The series published to date have emphasized the reproducibility and safety of the robotic technique given reassuring outcomes from retrospective series. While published studies have clearly included very carefully selected patients, clear selection criteria have yet to be defined in the literature. Intraoperative factors that lead to open conversion have similarly not been defined. Failure to progress “due to insurmountable bowel loops” was reported as a reason for open conversion in the recent series by Chopra et al. (9), but most other series have not discussed converted cases. Management of major complications that require intraoperative consultation from vascular, hepatic, or cardiac surgeons may not be possible robotically, necessitating open conversion as robotic experience across specialties and institutions is highly variable (Table 1).
Long-term oncologic outcomes are lacking given the novelty of the procedure and relatively limited cohorts in published literature. The previously discussed study by Chopra et al. published 1-year outcomes (9), but most others have not reported outcomes outside of the initial postoperative period. Whether stapling across the thrombus-containing renal vein or tumor spillage in the setting of pneumoperitoneum have effect on long-term oncologic outcomes is not yet known. Long-term outcomes of preoperative renal artery embolization have also previously been called into question. A 2,009 retrospective series by Subramanian et al. reported on a unique cohort in which 60% (n=135/225) of the patients underwent preoperative embolization. They found that patients who underwent embolization prior to open radical nephrectomy and IVC thrombectomy had higher rates of transfusion, longer operative time, more postoperative complications, longer ICU stays, and interestingly, even increased preoperative mortality (13% vs. 3%, P=0.017) (10). As 67% of the embolized patients had level III and IV thrombi compared to 48% of the non-embolized patients (P=0.032), multivariable analyses adjusting for thrombus level and other clinical variables were performed which demonstrated a persistent association between embolization and increased perioperative mortality (OR 5.5, 95% CI: 1.2–25.6, P=0.029). Though these are findings from a single retrospective study, the cohort size is still larger than the robotic series published to date, and the findings deserve attention and further study.
As urologic operative techniques continue to evolve, determining whether the new techniques contribute to progress and not merely novelty, will be of paramount importance. To date, there are no prospective randomized trials comparing robotic and open IVC thrombectomy, but recent trials for cystectomy have not shown superior outcomes for the robotic approach but have revealed significantly higher costs (11,12). As national healthcare costs are already staggeringly high and rising, the value of robotics must be carefully evaluated for specific urologic operations, because the benefits may not be equal or worthwhile across all procedures. The early published robotic experience demonstrates that robotic IVC thrombectomy performed by gifted minimally invasive surgeons is feasible in select patients, but as we continue to move forward, defining selection criteria, indications for and logistics of open conversion, necessity and safety of preoperative embolization, cost versus value, and most crucially intermediate- and long-term oncologic outcomes will be of utmost importance. Until these data are available and the procedure becomes more reproducible, open radical nephrectomy with IVC thrombectomy will remain the standard of care for locally advanced RCC.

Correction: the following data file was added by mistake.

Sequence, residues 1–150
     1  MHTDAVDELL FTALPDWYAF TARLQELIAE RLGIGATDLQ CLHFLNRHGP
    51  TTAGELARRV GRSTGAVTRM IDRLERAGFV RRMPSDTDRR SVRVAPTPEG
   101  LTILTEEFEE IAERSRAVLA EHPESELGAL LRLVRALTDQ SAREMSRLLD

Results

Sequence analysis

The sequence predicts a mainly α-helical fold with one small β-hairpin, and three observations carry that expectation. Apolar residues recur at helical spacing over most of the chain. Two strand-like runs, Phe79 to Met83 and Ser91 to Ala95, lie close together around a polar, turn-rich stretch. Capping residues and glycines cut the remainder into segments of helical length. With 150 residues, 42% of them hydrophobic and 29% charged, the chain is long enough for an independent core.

Provenance and Peer Review: This article was commissioned by the editorial office, Translational Andrology and Urology for the series “Controversies in Minimally Invasive Urologic Oncology”. The article has undergone external peer review.
Conflicts of Interest: Both authors have completed the ICMJE uniform disclosure form (available at http://dx.doi.org/10.21037/tau.2019.06.15). The series “Controversies in Minimally Invasive Urologic Oncology” was commissioned by the editorial office without any funding or sponsorship. Marc C. Smaldone served as the unpaid Guest Editor of the series. The authors have no other conflicts of interest to declare.
Ethical Statement: The authors are accountable for all aspects of the work in ensuring that questions related to the accuracy or integrity of any part of the work are appropriately investigated and resolved.
Open Access Statement: This is an Open Access article distributed in accordance with the Creative Commons Attribution-NonCommercial-NoDerivs 4.0 International License (CC BY-NC-ND 4.0), which permits the non-commercial replication and distribution of the article with the strict proviso that no changes or edits are made and the original work is properly cited (including links to both the formal publication through the relevant DOI and the license). See: https://creativecommons.org/licenses/by-nc-nd/4.0/.